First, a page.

Lately, in this In Season/Meatless Monday series, we're taking a look at what I take home from Crooked Sky Farms each week and see what I've done with my CSA share, or part share. This week I'm using butternut squash but you could use another squash or even sweet potatoes, too.
I'm still on my cook-a-bunch-of-vegetables-at-the-beginning-of-the-week kick. I'm making leftovers -- on purpose and it still hurts a little. I worry about not eating it all -- you know? But I guess that's what freezers are for.
I've been wanting to make vegetable-laced pastas lately but I don't have a pasta machine and I'm just not willing to give up any of my counter/storage space to get one. I know, I should just find some space and do it because making pasta dough is so simple, it's silly. You could go super local with some of the Hayden Flour Mill "OO" flour but this recipe for gnocchi inspired by this one with just regular old all purpose flour is a really nice and pretty midweek meal. If you don't have any leftover cooked squash or sweet potatoes, you could plan ahead or cut them small and microwave for a speedy alternative.
I decided to fry a few eggs in the leftover butter and with a few teaspoons of butter yet in the pan after that...I pulled out some of my leftover steamed beet greens to add something green. Yes, this whole meal was cooked in butter and it was fantastic. If you are anti-butter for any reason, you could easily sub in olive oil and give the plate a heavy handed grating of very good parmesan cheese and not miss a thing.
Butternut Squash Gnocchi with Thyme Brown Butter Sauce 2 cups of cooked butternut squash (nuke, roast or steam - whatever your preference - I like to roast mine if I have the time) 1 cup of ricotta cheese, whole or part-skim ½ cup of grated good parmesan cheese 1 tablespoons brown sugar or maple syrup 1 teaspoon kosher salt ¼ teaspoon freshly ground nutmeg 1 ⅓ cup all purpose flour 1 stick of unsalted butter 3-4 sprigs of fresh thyme or sage (omit if you don't have any fresh herbs -- the recipe won't suffer without it but might not be as good with dried)
If you haven't already, cook the butternut squash (or sweet potatoes). To roast, just cut the squash in half lengthwise and scoop out the seeds (and save them for toasting). Rub all over with olive oil and roast in a hot oven on a cookie sheet for about 45 minutes or until it's soft when you stab it with a knife. Let cool and then scoop out the flesh with a spoon. Puree or mash with a potato masher so it's fairly smooth.
Place cooked and cooled squash, ricotta, parmesan, brown sugar, salt, and nutmeg into a large bowl. Mix to combine completely. Add the flour a little bit at a time just until a dough forms and no more -- adding a little less or a little more flour if you need.
Put a big pot of water on to boil and salt it until it tastes salty and delicious. You might be adding a lot of salt but don't freak out, it'll make the pasta taste just right.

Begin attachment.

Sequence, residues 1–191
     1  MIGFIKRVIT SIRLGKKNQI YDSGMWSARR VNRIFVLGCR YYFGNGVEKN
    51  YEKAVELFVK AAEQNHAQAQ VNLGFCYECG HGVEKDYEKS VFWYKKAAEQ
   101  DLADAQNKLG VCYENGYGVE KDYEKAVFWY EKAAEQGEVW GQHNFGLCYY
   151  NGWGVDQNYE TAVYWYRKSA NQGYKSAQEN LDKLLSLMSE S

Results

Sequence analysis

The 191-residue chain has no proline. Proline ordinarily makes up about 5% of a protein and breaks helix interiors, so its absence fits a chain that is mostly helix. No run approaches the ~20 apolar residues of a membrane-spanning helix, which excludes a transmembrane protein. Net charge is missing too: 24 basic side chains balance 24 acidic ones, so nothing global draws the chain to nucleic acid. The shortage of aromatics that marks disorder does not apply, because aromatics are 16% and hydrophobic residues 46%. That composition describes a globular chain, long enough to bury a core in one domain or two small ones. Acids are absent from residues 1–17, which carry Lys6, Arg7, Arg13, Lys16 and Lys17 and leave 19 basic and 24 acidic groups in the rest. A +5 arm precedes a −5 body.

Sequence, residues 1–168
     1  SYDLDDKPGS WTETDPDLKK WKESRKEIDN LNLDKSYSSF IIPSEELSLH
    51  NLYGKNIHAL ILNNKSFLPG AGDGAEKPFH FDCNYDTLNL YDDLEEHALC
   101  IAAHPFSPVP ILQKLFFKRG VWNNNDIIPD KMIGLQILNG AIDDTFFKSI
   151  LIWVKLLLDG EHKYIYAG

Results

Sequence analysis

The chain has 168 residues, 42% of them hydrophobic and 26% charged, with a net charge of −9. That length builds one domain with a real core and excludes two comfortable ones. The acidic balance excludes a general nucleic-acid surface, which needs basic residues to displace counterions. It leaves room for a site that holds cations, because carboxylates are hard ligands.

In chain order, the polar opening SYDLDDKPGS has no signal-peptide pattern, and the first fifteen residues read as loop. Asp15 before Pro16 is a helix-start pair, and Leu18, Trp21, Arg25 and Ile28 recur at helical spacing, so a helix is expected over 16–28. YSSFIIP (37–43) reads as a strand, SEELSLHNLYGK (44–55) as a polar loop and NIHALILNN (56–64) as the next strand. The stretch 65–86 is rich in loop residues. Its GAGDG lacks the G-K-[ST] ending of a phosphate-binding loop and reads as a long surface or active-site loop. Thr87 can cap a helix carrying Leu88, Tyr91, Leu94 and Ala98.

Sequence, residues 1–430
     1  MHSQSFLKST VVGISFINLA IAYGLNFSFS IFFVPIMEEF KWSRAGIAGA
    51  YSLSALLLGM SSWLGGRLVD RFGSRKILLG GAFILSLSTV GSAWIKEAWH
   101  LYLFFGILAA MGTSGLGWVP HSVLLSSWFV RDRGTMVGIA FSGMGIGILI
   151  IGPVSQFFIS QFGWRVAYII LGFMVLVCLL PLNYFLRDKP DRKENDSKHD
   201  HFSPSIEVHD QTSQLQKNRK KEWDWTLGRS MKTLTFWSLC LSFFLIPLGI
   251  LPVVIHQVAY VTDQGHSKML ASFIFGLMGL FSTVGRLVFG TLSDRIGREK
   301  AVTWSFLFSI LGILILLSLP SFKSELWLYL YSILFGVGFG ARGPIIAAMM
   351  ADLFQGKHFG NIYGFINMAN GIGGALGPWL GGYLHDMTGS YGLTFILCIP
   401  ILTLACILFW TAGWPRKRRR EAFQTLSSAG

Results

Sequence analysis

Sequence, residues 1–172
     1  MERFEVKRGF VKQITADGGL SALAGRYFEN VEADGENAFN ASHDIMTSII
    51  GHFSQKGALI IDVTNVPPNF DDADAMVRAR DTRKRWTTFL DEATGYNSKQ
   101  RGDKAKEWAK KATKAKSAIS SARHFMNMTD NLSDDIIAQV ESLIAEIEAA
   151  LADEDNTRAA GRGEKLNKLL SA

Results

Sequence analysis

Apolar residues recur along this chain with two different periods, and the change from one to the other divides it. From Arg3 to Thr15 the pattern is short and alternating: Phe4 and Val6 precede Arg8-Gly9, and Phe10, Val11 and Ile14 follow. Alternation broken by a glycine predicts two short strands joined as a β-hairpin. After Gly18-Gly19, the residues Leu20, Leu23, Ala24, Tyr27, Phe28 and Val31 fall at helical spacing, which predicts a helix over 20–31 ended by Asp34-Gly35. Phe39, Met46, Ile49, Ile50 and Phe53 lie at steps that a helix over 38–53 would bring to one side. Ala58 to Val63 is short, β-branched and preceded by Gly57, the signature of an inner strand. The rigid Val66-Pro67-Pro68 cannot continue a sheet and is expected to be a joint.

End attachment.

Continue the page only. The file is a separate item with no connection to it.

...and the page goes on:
While the pot heats up, prepare a floured work surface. I usually like to do this on a big cutting board for easy clean up. Take about a third of the dough and gently roll the dough into a rope shape. I'm sure you've done this before with play dough.
Make a rope that's about an inch thick.
Cut the rope into 1 inch pieces.
Roll each cut piece of gnocchi over the tines of the back of a fork so that when you finish the recipe, the sauce will stick. But we're cooking this in butter, the butter will coat the gnocchi just fine. So, skip the rolling over a fork if you feel like it.
You need to boil the gnocchi in batches. Once the water is at a rolling boil, drop the gnocchi in batches so that you don't crowd them -- maybe one rope's worth at a time. Give them room to swim around without sticking to each otehr. Once they float to the top, they're cooked. It's only about 3-5 minutes. Fish them out with a spider or slotted spoon and place on a platter to hang out. Once all the gnocchi are cooked, you can work on the sauce.
Melt your stick of butter in a wide pan that's at least a few inches deep. You can just melt the butter and throw the herbs in to steep for a minute or two or you can make it really special by browning the butter. You will know when the butter is happily browned. It will smell good and look like toasted butter. It takes about 8 minutes on medium low.
Don't let it burn, though, that would be a disaster. If that happens, smartly dispose of the butter (like in a old can and put in the trash and not down the sink), wash the pan and try again.
Rewarm (and maybe even brown a bit ) the reserved gnocchi in the butter. You will probably have to do this again in batches since they have a tendency to stick and set in a dish in a warm oven to wait until it's time to eat.
If you like this story, consider signing up for our email newsletters.
SHOW ME HOW
You have successfully signed up for your selected newsletter(s) - please keep an eye on your mailbox, we're movin' in!
If you want to do what I did and crack a few eggs in the butter to fry, that would be delicious. Also, if you have any leftover greens or a handful of spinach or something -- heat that up once the eggs are out of the pan.
If you're vegan, you can probably sub additional squash for the ricotta (tofu would just give it an off taste I think) and add a bit more salt to taste to replace the salty parmesan cheese. Use Earth Balance instead of butter and in lieu of an egg, I would toast up some nuts. That would be a fantastic dish, too.